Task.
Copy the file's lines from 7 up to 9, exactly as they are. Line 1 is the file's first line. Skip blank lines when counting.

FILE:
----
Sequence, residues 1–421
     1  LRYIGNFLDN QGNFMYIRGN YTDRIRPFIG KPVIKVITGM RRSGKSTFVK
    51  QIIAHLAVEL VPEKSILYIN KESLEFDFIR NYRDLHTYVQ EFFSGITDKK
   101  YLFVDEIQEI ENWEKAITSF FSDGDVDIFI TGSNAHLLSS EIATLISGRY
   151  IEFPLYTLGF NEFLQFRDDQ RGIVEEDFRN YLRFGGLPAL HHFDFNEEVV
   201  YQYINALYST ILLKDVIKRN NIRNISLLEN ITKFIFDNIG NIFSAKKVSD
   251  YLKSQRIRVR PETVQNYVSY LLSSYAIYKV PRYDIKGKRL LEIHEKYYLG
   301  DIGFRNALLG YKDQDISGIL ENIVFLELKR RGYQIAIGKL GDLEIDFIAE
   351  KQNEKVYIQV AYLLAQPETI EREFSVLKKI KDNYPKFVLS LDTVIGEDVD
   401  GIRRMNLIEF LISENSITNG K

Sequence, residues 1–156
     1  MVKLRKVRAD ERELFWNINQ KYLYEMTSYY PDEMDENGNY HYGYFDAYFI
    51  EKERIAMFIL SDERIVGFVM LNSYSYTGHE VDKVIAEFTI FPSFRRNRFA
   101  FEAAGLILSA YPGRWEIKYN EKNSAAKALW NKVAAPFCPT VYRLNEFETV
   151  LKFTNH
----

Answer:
   251  YLKSQRIRVR PETVQNYVSY LLSSYAIYKV PRYDIKGKRL LEIHEKYYLG
   301  DIGFRNALLG YKDQDISGIL ENIVFLELKR RGYQIAIGKL GDLEIDFIAE
   351  KQNEKVYIQV AYLLAQPETI EREFSVLKKI KDNYPKFVLS LDTVIGEDVD